Brian Bennett
Brian Bennett
@bybrianbennett
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White House Press Secretary prepared to talk to Fox News on the North Lawn of the White House as midterm results came in on Election Day. Later, she spoke with reporters outside the door to the West Wing. She seemed resigned to the possibility Democrats would take the House.
An early November warm spell bloomed more dahlias.
At the White House as President Trump prepares to deliver a primetime address from the Oval Office to make the case for his border wall.
President Trump and First Lady Melania Trump left Washington to spend the weekend at Trump’s Mar a Lago Club in Florida. Also with them: a surprisingly tall Barron Trump and Melania’s parents. The White House announced today that the theme of Trump’s State of the Union will be “choosing greatness.” Here’s a quote from Trump’s speech provided by a senior administration official: “Together we can break decades of political stalemate, we can bridge old divisions heal old wounds, build new coalitions, forge new solutions and unlock the extraordinary promise of America’s future. The decision is ours to make.
Link in bio
President Trump arrived back in Washington on April 26 after speaking to the NRA annual convention in Indianapolis, Indiana. Air Force One circled for 40 minutes while thunderstorms moved over the runway. From my story on the speech: With Democrats in Congress reluctant to work with him on legislative proposals, President Donald Trump has been casting about for actions he can take on his own. When it comes to guns, he has long promised to do nothing that would restrict the rights of gun owners. But doing nothing isn’t very photogenic for a showman like Trump. So on Friday, in front of the National Rifle Association’s annual convention in Indianapolis, the President made a big show of undoing something.

In a nearly hourlong speech, Trump announced he was pulling the U.S. from the Arms Trade Treaty and instructing Congress to stop the ratification process and “return the treaty back to me in the Oval Office where I will dispose of it.” The treaty is designed to limit international sales of conventional arms to prevent weapons from getting into the hands of human rights abusers. In part under pressure from the NRA, Congress had long stalled the Senate on its consideration of the treaty. Trump’s action on Friday brought it to a complete halt but had no immediate practical effect.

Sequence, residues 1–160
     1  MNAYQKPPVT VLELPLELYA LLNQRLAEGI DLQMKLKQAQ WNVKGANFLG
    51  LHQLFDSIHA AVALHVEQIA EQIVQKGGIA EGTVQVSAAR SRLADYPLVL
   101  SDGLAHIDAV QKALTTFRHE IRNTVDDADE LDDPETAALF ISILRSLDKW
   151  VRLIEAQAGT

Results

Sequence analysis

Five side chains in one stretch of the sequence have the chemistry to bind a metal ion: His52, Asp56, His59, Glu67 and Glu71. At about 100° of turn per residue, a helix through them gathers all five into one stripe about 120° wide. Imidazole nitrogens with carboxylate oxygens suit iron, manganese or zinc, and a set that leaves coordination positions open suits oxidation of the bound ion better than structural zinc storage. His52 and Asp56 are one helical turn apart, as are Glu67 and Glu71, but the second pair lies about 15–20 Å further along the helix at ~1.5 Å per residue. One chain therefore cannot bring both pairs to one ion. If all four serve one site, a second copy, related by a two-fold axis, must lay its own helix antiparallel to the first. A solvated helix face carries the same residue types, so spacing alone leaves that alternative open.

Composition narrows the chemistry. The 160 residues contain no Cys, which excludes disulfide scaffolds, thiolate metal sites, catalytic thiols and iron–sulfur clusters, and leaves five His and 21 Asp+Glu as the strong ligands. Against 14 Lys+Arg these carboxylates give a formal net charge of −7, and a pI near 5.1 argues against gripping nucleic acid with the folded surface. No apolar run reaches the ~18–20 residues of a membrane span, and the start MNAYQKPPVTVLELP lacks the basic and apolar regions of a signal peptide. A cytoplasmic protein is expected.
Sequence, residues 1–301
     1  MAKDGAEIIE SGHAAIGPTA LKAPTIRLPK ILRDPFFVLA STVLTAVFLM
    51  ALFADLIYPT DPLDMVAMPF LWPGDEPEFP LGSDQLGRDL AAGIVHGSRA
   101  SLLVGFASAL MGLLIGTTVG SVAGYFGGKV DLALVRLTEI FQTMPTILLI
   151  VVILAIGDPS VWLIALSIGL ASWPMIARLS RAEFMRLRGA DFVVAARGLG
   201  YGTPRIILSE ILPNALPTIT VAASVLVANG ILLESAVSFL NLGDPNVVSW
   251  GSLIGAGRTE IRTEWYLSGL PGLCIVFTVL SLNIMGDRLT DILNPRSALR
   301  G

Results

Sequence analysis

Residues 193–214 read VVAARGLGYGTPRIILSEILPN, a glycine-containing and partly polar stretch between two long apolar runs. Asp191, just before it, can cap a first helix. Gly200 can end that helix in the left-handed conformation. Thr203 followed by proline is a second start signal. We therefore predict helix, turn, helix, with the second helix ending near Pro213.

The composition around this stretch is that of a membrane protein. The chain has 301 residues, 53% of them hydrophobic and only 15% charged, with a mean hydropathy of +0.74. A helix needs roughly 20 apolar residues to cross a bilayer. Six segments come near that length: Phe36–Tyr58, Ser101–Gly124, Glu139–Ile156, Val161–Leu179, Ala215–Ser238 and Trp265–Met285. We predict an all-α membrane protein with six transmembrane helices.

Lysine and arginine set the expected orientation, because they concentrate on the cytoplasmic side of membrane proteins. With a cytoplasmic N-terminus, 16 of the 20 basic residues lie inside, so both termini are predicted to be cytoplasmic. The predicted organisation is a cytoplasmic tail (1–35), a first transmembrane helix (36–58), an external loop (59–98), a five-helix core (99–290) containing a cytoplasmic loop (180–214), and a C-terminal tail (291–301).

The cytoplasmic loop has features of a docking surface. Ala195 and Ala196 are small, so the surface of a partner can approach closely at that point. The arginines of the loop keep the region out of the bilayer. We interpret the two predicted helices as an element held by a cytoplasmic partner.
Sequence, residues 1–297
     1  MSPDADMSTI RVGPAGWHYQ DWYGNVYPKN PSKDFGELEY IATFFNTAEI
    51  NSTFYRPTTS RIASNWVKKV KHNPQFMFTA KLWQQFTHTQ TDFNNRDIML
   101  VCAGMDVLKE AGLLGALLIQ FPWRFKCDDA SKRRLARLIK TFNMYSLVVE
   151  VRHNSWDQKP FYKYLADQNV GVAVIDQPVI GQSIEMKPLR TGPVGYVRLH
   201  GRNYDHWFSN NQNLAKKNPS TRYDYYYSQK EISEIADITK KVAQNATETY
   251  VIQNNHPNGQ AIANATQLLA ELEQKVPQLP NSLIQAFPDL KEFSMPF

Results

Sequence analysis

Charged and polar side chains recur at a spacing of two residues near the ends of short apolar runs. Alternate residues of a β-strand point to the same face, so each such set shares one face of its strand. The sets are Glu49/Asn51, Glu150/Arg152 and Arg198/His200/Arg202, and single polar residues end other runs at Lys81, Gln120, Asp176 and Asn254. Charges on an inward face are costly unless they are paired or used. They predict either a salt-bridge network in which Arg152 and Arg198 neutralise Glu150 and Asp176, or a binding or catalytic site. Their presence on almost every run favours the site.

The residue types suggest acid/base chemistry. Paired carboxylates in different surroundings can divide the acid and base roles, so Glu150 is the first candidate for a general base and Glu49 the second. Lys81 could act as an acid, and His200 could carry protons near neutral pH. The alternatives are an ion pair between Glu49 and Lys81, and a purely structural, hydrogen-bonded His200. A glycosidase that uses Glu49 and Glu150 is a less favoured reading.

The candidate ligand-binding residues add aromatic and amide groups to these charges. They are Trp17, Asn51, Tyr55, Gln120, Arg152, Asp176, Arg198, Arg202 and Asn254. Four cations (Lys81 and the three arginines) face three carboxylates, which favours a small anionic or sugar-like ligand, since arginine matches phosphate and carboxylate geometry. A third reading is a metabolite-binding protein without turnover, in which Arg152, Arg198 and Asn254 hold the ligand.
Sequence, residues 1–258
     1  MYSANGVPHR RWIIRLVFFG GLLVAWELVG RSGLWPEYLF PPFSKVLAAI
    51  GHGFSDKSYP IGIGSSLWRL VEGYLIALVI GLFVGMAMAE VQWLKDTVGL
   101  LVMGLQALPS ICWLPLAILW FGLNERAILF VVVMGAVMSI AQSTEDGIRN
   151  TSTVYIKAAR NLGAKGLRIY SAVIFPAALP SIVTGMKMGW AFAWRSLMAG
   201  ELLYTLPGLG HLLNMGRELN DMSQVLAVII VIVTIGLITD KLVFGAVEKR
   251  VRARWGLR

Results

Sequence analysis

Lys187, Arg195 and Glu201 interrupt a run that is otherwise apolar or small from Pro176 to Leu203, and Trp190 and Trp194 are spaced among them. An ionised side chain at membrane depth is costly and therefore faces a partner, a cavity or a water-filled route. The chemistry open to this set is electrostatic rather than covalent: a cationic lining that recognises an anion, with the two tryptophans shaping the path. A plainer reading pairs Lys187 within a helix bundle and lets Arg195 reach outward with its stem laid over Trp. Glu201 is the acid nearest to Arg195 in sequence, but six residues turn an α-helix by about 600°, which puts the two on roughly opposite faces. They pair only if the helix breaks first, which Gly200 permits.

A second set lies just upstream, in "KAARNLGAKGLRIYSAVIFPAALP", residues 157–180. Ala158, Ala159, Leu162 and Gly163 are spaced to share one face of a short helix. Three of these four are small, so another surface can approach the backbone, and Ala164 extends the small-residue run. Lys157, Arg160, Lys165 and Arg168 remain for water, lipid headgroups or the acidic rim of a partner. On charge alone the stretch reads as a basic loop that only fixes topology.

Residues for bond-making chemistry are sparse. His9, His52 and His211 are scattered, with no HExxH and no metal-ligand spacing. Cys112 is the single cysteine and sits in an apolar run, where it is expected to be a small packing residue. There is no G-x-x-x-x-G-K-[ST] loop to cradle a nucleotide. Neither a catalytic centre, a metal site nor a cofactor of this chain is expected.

Here's my cover story for @time on President Trump's reelection campaign. We spent an hour interviewing him in the Oval Office and visited his campaign headquarters. From the story: Once again, Trump is putting his own instincts at the center of his campaign. The political mercenaries who tried to discipline his impulses in 2016 have been shown the door. The 2020 campaign is unmistakably Trump’s show. 'We all have our meetings,' the President says. 'But I generally do my own thing.' Campaign staff have been hired to follow Trump’s lead, and the President has made it known that when he tweets a new policy or improvises an attack at a rally, everyone had better be ready to follow along. 'He blows the hole and everyone runs into the breach,' says an aide. Searing photos by @paridukovic
On June 25, I spent a day in Jerusalem with Israel's Prime Minister Benjamin Netanyahu. From my profile of Netanyahu on the cover of this week's magazine: In mid-July, Netanyahu will surpass David Ben-Gurion, the closest thing Israel has to a founding father, to become the longest-serving Prime Minister in the country’s history. Bibi, as he is universally known here, has won five elections and cultivated a U.S. President who appears intent on fulfilling Netanyahu’s every desire. So why isn’t he in a better mood? The unpleasant reality is that Netanyahu approaches the career summit with his personal power arguably at its greatest risk. Prosecutors have threatened indictments on corruption charges. And he has failed to form a government following his most recent election victory, in April. Instead of spending the summer handing out ministries to allies, Bibi is preparing for yet another campaign, a September do-over election that will test yet again whether the Israel that has grown to resemble its Prime Minister—prosperous, powerful and resilient, yet insecure—still wants him. 📷@alexmajoliphoto Link in bio.